The People Code: It’s All About Your Innate Motive by Dr. Taylor Hartman

The People Code (formerly called the Color Code) theorizes that everyone comes hardwired with their own innate motive and that once you understand what your motive is and those around you, you’re better able to interact with others, improve on your own weaknesses, and draw on your strengths. The part that’s interesting to me is that Dr. Hartman claims there are only four possible innate motives and that every person fits into one of these four categories, which he tags with a color.

The People Code

People who are Red are motivated by Power. They’re the chairman of the board that’s only interested in the bottom line, or the guy that woos his love interest with flowers and chocolates until he’s got her but doesn’t see a need for such things once he’s got her, or the girl that runs a super successful business because she wouldn’t let any obstacle stop her. Blues are motivated by intimacy. These are the ones that will bare their soul to you, that ride a roller coaster of emotion all the time. This is the kid that watches the parade floats go by and thinks of all the hours of work that went into making it and the people who put in all that effort, or the man that doesn’t tell someone about how they inconvenienced him because he doesn’t want them to feel bad. Whites are motivated by peace. They’re happy to go along for the ride if it keeps you happy. It’s the woman that won’t leave a toxic relationship because she just can’t bring herself to upset the status quo, or the guy that is satisfied and agreeable and content to just keep living his life as he is. Yellows are motivated by fun. They’re the life of the party, the irresponsible friend who can’t show up on time but that you can’t stay mad at because you have such a good time with her.

I took the test at the beginning of the book to determine what color I am. I’m a Blue, but only barely. I’ve got a pretty strong Yellow influence in there too. But according to Dr. Hartman, what really matters is your dominant color, even though you can be heavily influenced by your secondary color(s). On reading the chapter that talked all about Blues, I found myself nodding along to a lot of the descriptions. It felt like a pretty good fit.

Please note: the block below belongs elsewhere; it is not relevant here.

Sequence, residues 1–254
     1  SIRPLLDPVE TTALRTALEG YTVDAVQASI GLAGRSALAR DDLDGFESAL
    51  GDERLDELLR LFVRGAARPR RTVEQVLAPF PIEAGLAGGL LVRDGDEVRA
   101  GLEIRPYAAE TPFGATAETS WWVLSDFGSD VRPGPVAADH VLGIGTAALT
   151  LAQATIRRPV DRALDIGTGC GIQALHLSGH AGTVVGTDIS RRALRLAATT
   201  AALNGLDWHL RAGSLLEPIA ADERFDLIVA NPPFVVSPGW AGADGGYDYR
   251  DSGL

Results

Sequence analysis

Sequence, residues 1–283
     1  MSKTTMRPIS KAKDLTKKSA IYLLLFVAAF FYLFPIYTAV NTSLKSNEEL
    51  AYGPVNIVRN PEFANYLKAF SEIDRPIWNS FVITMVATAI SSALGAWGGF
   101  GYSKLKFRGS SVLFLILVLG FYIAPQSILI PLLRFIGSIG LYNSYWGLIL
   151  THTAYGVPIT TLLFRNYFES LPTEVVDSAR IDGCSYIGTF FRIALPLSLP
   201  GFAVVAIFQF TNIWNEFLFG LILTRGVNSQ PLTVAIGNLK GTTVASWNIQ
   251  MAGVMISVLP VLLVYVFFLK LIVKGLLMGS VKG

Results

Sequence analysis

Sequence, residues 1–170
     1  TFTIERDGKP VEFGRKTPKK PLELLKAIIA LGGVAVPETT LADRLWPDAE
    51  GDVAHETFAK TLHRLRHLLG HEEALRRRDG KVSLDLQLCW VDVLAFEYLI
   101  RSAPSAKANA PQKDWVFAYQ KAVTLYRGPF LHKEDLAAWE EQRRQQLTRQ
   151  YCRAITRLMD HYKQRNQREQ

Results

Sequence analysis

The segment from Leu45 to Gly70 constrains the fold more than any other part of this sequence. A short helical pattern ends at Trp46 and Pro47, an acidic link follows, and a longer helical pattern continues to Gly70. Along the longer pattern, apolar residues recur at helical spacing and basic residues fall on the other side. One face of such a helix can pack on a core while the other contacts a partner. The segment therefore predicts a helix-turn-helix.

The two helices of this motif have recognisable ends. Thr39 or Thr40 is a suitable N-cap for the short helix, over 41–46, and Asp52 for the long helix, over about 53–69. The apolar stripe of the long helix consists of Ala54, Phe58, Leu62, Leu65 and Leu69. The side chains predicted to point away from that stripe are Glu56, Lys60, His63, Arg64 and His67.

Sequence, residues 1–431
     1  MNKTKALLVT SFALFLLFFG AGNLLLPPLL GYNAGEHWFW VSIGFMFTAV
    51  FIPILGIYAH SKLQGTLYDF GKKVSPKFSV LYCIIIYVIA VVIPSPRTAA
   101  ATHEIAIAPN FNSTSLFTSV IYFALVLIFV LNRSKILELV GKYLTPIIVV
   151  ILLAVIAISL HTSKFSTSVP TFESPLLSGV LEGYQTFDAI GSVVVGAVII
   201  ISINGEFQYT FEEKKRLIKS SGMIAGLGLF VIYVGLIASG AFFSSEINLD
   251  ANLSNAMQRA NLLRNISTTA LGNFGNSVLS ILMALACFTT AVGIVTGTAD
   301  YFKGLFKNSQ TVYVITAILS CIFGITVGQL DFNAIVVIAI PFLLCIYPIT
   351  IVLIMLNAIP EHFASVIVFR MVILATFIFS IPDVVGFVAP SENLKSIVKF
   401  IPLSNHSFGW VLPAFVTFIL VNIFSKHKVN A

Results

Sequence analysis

His idea is that once you learn your Color and those of the people around you, you’ll be able to interact with yourself and others in a more healthy, productive way. For instance, Terry’s a White and is generally happy to go along with whatever I want. When we’ve been picking out where we want to spend our next vacation, I sometimes feel bad because we usually just go to the place I suggest. I’ve asked him several times where he’d like to go, and suggested that he pick our next destination. For me, that feels important because I, as a Blue, like to be understood and to have my opinion taken into account. Naturally, I assume everyone else in the world operates like I do and would also like their opinion to be heard. But people aren’t all the same, and Terry genuinely doesn’t usually care where we go and is perfectly happy to let me choose. I’ve had fun the last couple weeks as I’ve been reading trying to determine the Colors of everyone I know. . . and all the characters I see on movies and read about in books . . . (nerd alert!). Then I can spend hours analyzing in my head why that person acted a certain way in a given situation.

It’s an interesting idea and there was a lot I liked about it, but…I don’t know, I just had some unanswered questions by the end of the book. Like, why are there only four motives? How did he arrive at that number? He explains (a couple of times) how these four motives can be mixed with circumstances and birth order and personality and how you’re raised, etc, for an endless combination that leads to our own unique differences. And I get that, but…why four? I mean, why not five? Or six? Who’s to say we’re not missing a motive? He just never really clearly explains how he arrived at this conclusion and that bugged me.

That said, I’ve still been thinking a lot about it, which says something about a book, right? His next book supposedly talks about how to become what he calls “charactered,” which is when you adopt all the strengths of all the Colors, not just your own. We’ll see if I feel compelled to read it.

Now go google the test and take it and tell me what Color you are. 🙂

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